And a FREE Balanced Literacy resource to help you get STARTED!
2019 is the Year of BALANCED LITERACY!
Ready to UPDATE your literacy block?
Balanced Literacy: Here is your NEW YEAR’s PLAN!
The Why? The What? and The How?
Balanced literacy has been defined as “an approach designed to help individual students learn how to process a variety of increasingly challenging texts with understanding and fluency.” (Fountas & Pinnell, 2001)
Fountas & Pinnell have been the guiding resource for Balanced Literacy. Today we listen.
It is an approach to teaching. NOT a curriculum. It is HOW we teach our students to be independent readers and writers. It is NOT what books we use to teach them.
Balanced Literacy has been defined in “components” or “pieces” of literacy instruction.
This 8-week series will focus on the components of a complete BALANCED LITERACY program. We will focus on clear and concise definitions. Definitions that educators can discuss in collaborations. A “common language” where we can learn from each other and with each other.
The 8 components we will focus on are:
- Read Alouds
- Shared Reading
- Guided Reading
- Independent Reading
- Modeled / Interactive Writing
- Shared Writing
- Guided Writing / Writer’s Workshop
- Word Work
Each week we will focus on one area of Balanced Literacy and share experiences, teacher tips, and resources to support and expand our Balanced Literacy repertoire.
This week: READ ALOUDS.
As defined by education.com, the teacher reads aloud various types of text. She often models her thinking aloud as she reads. The students participate by listening to the text and the teacher’s thinking strategies and then trying some of them out by talking with partners. The teacher reads the text, therefore taking away the visual sources of information, so that students can focus on meaning and structure.
The READ ALOUD is done BY the teacher FOR the students.
Marie Clay (1991) writes that when teachers read aloud to students “meanings can be negotiated in discussion before, during, and after the story reading” (p.171). Reading aloud to students should include think-aloud or interactive elements and focus intentionally on the meaning “within the text,” “about the text,” and “beyond the text” (Fountas & Pinnell, 2006, p.33). Read aloud, as part of the gradual release of responsibility, feeds naturally into shared, guided, and independent reading as teachers demonstrate for students the ways the reading process works (Burkins & Croft, 2010).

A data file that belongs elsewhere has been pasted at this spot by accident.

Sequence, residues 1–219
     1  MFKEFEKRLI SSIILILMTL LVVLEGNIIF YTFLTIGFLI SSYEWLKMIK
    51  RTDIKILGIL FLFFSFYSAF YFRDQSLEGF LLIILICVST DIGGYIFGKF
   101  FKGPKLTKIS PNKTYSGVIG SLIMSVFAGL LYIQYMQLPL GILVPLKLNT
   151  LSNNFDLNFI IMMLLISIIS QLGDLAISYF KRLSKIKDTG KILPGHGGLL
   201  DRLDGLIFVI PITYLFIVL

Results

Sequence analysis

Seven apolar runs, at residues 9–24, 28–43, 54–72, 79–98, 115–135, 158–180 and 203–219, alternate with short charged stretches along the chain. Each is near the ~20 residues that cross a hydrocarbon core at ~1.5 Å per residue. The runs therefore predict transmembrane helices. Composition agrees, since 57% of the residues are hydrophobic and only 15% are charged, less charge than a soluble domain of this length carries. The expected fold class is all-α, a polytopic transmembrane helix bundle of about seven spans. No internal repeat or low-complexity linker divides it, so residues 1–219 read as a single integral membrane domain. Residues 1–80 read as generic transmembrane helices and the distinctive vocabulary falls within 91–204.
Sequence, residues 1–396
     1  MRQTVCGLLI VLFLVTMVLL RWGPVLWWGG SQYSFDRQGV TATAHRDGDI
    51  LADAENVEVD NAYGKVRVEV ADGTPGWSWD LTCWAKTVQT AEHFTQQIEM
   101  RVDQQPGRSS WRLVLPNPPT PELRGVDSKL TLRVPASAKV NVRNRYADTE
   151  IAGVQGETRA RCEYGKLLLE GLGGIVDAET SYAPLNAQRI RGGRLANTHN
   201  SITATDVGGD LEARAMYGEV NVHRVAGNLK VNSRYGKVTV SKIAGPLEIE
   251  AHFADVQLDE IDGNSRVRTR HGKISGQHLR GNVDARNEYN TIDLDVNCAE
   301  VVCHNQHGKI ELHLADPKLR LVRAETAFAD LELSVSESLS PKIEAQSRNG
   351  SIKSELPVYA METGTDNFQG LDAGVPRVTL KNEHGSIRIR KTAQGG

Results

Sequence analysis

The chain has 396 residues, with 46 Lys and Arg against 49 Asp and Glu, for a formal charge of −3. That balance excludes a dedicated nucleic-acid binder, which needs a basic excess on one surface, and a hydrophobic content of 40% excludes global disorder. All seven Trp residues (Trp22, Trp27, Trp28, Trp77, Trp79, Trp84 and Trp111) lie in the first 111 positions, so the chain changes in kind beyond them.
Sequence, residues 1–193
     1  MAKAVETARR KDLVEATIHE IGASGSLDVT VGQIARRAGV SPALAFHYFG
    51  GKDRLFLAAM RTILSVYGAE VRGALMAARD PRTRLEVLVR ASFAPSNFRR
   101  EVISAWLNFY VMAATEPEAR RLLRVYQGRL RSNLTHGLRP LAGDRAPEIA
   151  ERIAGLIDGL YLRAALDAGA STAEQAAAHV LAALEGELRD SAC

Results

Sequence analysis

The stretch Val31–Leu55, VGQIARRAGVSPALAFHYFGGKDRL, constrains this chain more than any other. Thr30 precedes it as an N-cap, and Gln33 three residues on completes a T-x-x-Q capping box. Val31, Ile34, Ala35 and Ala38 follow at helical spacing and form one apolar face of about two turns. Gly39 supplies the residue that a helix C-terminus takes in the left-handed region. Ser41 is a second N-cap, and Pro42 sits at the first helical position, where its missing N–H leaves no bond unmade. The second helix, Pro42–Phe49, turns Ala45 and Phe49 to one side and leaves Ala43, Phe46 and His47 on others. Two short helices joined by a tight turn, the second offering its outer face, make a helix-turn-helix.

Among the many benefits of a read aloud, Rog (2001) lists the following:
- building vocabulary
- developing understandings of story structures
- supporting developing connections between print elements
- encouraging high levels of understanding
- teaching the reading process in a meaningful context
- modeling fluency
- motivating students to read
There are many types of print for Read Alouds. Classroom library books, Big Books, chapter books, charts, and poetry are resources for teachers to read TO students.
Here some great educators share their resources.
has a list of First Grade Read Alouds.
Mia at the Pragmatic Mom also has a list.
Pinterest has many fun and exciting ideas!
The main goal of a read aloud is to engage students with the text.
To create their own thinking based on their life connections, and discuss the text with peers. Each will bring their own comprehension based on their life experiences. As they learn to communicate their thoughts and understanding to others, their own comprehension will expand. The teacher has an opportunity to draw the students INTO the book. Use your posters, viusals, artifacts, and storytelling techniques to be the characters, create the world using your voice, and open the doors to new adventures.
Paige from Our Elementary Lives showsand storytelling Read Aloud Lesson.
And there are MORE. Click the links below for more information on READ ALOUDS.
In summary, a READ ALOUD is a book, a chart, a poem on a smartboard, or any other text in your classroom supplies, where the teacher reads TO the students using self-questions and think aloud reading strategies. The goal is to model fluent and expressive reading. The students then INTERACT with the text through discussions, writing, and/or thinking for themselves.
These literacy posts may help in YOUR Balanced Literacy journey.
These resource books for TEACHERS may be helpful for YOUR reading.
I hope YOU are prepared to practice DAILY Read Alouds in YOUR classroom!
Stay tuned for next week… Week 2 Shared Reading.
Please share with friends.
Leave me a comment…How do YOU use Read Alouds in YOUR classroom?
For MORE Balanced Literacy Resources..
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HAPPY New Year!